Imaginary Homelands - Salman Rushdie in his Study 1991

The project ‘Imaginary Homelands’, is a recent installation based on Salman Rushdie, during his nine year hermetic exile, as a result of the fatwa placed upon him.
Continuing to write novels from makeshift studies in undisclosed hotel rooms, the author slowly pieced together objects from his former life to create a better working environment out of these impersonal rooms. It was here that the writer began to retreat into constructs of his imagination, as he, in his own words ‘struggled to recreate an idea of place in his writing that was not out of touch with the reality of it’.
In this installation portraying his makeshift hotel study, these constructs begin to manifest. A pile of erroneous notes starts to take on the form of Mount Everest as smoke from his lit cigarette forms around it as clouds; his leaking pen appearing as the great Ganges river, flowing across his study desk.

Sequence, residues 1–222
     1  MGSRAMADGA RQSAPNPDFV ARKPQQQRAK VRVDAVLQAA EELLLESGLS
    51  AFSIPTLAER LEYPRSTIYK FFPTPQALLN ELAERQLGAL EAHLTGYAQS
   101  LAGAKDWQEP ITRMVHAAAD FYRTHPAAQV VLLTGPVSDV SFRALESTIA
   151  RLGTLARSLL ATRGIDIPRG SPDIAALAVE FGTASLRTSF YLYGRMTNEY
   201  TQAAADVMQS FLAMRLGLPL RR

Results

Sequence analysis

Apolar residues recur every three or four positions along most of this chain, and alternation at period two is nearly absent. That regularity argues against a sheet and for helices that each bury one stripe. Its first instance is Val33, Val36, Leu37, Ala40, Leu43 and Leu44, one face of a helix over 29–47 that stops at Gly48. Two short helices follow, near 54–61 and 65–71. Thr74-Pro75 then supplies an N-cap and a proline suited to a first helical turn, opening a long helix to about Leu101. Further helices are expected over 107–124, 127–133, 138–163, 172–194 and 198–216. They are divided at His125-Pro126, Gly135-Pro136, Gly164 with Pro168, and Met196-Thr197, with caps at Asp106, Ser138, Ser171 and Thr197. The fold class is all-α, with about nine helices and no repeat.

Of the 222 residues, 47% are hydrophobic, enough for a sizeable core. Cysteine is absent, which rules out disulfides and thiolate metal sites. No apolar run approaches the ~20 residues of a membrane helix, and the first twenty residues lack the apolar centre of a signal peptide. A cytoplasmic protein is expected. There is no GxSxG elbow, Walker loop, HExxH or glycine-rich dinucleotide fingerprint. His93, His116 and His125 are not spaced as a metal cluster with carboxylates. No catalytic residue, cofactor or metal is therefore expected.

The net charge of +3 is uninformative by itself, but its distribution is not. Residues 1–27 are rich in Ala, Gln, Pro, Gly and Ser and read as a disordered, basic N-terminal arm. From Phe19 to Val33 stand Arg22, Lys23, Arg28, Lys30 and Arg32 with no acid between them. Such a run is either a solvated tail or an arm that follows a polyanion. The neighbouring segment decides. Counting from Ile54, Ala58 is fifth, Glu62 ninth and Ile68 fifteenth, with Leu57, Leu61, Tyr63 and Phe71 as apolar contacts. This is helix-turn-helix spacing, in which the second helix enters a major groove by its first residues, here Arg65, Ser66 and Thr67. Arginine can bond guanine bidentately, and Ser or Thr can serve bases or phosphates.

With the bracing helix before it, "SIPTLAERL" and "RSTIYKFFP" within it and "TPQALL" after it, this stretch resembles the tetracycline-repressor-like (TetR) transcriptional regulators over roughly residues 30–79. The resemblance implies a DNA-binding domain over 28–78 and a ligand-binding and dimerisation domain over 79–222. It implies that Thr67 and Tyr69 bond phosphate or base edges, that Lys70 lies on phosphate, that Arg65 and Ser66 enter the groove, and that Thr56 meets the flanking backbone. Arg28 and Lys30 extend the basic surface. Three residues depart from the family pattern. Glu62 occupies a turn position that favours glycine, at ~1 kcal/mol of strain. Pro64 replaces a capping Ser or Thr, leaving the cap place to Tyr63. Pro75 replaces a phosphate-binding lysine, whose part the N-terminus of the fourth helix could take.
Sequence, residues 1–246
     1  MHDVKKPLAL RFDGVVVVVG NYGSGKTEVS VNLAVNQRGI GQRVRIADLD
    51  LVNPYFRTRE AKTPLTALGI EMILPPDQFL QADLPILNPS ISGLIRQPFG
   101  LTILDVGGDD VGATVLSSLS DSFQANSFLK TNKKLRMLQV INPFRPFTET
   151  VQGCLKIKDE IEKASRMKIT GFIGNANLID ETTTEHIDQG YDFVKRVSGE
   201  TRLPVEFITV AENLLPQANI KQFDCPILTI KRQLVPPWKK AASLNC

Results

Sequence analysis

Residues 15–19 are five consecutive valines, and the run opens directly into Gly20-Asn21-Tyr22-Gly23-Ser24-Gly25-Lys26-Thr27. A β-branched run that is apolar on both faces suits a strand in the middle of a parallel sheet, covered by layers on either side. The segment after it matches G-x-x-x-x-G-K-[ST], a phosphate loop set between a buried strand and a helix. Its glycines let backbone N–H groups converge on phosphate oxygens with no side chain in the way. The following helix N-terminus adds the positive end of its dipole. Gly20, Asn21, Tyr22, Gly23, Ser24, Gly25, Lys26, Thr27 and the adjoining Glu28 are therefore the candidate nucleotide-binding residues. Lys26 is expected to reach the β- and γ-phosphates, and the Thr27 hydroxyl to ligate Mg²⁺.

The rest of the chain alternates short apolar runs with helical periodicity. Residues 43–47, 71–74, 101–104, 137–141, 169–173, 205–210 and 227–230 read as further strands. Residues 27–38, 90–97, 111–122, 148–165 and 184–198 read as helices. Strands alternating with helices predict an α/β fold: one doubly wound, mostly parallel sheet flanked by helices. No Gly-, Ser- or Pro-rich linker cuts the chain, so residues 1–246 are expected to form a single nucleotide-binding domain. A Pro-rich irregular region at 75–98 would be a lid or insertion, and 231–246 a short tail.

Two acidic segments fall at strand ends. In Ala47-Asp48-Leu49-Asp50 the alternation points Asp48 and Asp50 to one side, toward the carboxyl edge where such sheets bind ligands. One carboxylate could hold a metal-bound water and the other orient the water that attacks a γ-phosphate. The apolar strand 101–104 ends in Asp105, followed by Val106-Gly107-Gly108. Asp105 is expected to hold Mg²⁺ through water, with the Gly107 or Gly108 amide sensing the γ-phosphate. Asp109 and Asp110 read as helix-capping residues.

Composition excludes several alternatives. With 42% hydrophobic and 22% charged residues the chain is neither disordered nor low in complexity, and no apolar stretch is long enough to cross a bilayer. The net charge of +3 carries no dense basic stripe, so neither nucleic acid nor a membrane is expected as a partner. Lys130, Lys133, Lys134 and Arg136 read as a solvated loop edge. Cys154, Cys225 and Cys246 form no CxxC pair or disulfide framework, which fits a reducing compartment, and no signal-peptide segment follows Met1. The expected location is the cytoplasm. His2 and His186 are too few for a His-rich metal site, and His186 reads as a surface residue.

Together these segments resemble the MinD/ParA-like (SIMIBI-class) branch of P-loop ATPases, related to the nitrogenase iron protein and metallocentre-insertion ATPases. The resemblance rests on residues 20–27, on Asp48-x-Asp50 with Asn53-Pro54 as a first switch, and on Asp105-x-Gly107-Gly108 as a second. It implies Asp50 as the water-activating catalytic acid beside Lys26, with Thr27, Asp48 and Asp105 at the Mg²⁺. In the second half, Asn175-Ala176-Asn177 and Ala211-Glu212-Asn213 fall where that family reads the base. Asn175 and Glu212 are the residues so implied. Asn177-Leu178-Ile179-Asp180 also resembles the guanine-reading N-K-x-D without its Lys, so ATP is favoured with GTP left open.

Through this concise use of symbols, the project references and contemporizes the great renaissance works depicting ‘St Jerome in his Study’; now with Rushdie at its centre as the similarly reclusive protagonist.
Ultimately the project is about the Indian writer’s struggle to maintain his identity and how he sought to bring to life, through his writings, an India and a Britain that he was locked away from.

Check out CCTV footage of the Installation interior, here.